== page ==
Located in the deep American south, where summers are warm, and the air is thick with the spirits of overworked slaves and brutal masters, lies the Myrtles Plantation in St. Francisville, Louisiana. With its majestic wrap around veranda, blue trim, and 20 rooms, it sits on high ground, appearing like a fortress as you approach. It appears to be something out of a storybook. However, its history is not for the faint of heart.
Our story begins with a newly married couple, Mr. & Mrs. Clarke Woodruff. Mr. Woodruff was a prestigious Judge and owned numerous slaves – as was the norm at the time. One of his house slaves went by the name of Chloe, who for many years fell victim to Woodruff’s cruelty.
Chloe tried to protect herself from the abuse by listening in to the Woodruffs’ conversations and modifying her behaviour. One day, after being caught eavesdropping, Woodruff had Chloe’s ears cut off. Forcing her to carry the shame and disfigurement the rest of her life. Her mutilation was hidden, at the request of the Woodruff’s, by the use of a green turban. No one would see this terrifying mark, but the painful experience would stay with Chloe and inspire her to make plans for revenge.
On the 9th birthday of the Woodruff’s daughter, Chloe placed poisonous oleander leaves into the cake. Chloe’s plan was to poison Mrs. Woodruff and their children. Some sources claim that it was never her intention to kill the three family members. They suggest that Chloe wanted to get them sick so she could nurse them back to health. In the south, local healers were among the most respected of the community. If Chloe could heal the family, she would be safe from the harsh reality of working in the fields.
Tragically, the dosage was lethal, and it ended up killing Mrs. Woodruff and her two children. After word spread of her actions on the plantation, the other slaves were the ones to take revenge. Chloe was hanged by the neck, for everyone to witness, until the life was drained from her body. She was then weighed down by rocks and thrown into the Mississippi river.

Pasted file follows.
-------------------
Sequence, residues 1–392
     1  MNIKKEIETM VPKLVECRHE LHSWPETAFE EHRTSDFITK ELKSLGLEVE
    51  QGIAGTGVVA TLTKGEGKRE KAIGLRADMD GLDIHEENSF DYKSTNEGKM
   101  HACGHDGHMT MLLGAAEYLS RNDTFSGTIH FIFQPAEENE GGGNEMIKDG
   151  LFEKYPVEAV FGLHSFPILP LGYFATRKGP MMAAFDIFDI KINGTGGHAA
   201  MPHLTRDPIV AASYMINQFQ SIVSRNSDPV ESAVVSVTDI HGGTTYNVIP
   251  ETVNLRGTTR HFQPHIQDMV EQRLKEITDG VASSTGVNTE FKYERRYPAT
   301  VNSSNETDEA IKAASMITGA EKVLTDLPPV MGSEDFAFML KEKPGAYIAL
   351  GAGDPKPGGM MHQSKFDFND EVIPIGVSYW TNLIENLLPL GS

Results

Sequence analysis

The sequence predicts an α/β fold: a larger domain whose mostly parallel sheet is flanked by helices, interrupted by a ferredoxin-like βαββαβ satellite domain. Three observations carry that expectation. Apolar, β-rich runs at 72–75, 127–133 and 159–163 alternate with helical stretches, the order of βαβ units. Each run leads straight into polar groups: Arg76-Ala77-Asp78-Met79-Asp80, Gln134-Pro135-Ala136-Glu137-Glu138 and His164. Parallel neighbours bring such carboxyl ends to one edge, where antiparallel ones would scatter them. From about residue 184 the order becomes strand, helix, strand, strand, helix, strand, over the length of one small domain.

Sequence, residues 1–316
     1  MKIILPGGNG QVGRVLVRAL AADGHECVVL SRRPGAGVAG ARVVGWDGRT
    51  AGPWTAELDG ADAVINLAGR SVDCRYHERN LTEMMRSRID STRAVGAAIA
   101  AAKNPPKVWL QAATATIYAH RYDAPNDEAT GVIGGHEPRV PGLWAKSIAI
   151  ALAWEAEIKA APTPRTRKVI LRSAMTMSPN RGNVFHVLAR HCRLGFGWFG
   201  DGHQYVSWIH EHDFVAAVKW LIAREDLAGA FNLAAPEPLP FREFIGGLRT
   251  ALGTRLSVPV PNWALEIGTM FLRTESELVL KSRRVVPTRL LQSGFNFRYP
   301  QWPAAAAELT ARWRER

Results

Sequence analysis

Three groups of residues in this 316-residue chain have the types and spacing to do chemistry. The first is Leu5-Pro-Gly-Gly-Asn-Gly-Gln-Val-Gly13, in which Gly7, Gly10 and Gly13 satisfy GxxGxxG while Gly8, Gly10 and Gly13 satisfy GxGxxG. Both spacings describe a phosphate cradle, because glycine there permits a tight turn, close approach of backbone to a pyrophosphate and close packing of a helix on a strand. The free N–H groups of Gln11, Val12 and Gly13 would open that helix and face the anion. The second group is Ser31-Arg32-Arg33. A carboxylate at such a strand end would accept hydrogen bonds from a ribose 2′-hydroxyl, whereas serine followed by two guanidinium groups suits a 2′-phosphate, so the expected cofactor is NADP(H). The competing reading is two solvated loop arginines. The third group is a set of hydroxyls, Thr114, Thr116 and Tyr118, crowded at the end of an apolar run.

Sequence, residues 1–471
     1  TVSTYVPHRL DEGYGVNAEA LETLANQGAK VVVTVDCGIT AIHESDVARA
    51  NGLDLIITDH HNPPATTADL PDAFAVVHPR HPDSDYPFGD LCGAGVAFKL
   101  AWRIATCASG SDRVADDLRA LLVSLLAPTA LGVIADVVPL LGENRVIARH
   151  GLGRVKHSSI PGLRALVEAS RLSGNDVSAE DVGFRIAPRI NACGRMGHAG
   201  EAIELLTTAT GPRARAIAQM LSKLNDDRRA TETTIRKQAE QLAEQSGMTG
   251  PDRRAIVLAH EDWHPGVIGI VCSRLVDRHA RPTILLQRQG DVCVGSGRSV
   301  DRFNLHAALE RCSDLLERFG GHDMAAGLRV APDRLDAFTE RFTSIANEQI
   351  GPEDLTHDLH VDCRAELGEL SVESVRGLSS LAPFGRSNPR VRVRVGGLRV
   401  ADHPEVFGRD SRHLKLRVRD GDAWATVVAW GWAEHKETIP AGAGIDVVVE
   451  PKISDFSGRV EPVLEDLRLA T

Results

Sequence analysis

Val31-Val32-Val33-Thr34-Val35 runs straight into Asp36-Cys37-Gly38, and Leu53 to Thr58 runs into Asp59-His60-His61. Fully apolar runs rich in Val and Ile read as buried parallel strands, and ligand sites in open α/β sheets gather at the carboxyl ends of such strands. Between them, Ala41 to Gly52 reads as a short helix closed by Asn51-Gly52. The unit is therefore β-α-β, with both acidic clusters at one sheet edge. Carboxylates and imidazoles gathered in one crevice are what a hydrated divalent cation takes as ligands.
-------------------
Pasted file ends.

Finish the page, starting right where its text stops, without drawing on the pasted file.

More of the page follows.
The plantation was the sight of other gruesome activity after Chloe’s death. The new owner, a wealthy family-man, and his five children would pass away from tuberculosis on the property. The home was later passed to one of his surviving daughters & her husband, the Winters. Mr. Winter was a proud member of his community and did his part by teaching Sunday school at his home. One day, as Mr. Winter was teaching, an unknown man rode up on a horse yelling to see him.
As he came out to address this man, he was shot at point-blank range on his front porch. He retreated into the home and staggered up the stairs to eventually die in the arms of his wife. The sound of his strong and forceful stomps still linger in the home today as visitors report hearing heavy footsteps from empty staircases.
The plantation went on to be used as a film set for movies like The Long Hot Summer. These visitors were not safe from having their own paranormal encounters. While filming, cast & crew members reported witnessing furniture moving around the home all of its own. They could find nothing to explain this activity.
The paranormal activity became more noticeable beginning in the 1970s once it was purchased by the Meyers family. Multiple guests and residents reported seeing the transparent and ghostly apparitions of a young girl wearing a green turban moving throughout property. In 1992 the owner took a famous photo that they believe captures Chloe spirit.
This photo was intended to be used to secure an insurance policy for the home in case of fire or other natural disasters, not to prove paranormal activity. The presence of a human figure within the photo was undiscovered until it was developed. The owner reports that there was no one in that area at the time the photo was taken.
The Mirror in the Myrtles Plantation
One of the most disturbing paranormal reports occurs inside the home. In the grand hallway, there is an antique mirror just outside of the dining room. The visitors report seeing Woodruff’s children appear in the mirror near the room where they were poisoned. One researcher noted that each time the mirror is replaced or re-silvered, the same handprint reappears as if they refuse to be ignored.
Despite the many ghost stories, there is some debate if Chloe ever existed, or if that was her real name. Today this residence is known as the Myrtles Plantation Bed and Breakfast, but is also recognized as one of the most haunted houses in America according to the National Geographic. They offer historical tours through the day and into the dark of night.
Interested in exploring more about the paranormal? Perhaps even in your own home? Try our Haunting at Home for the ultimate spooky “at-home” Halloween adventure!
Capital Heritage Connexion Mentorship Program Intern
Carleton University, History & African Studies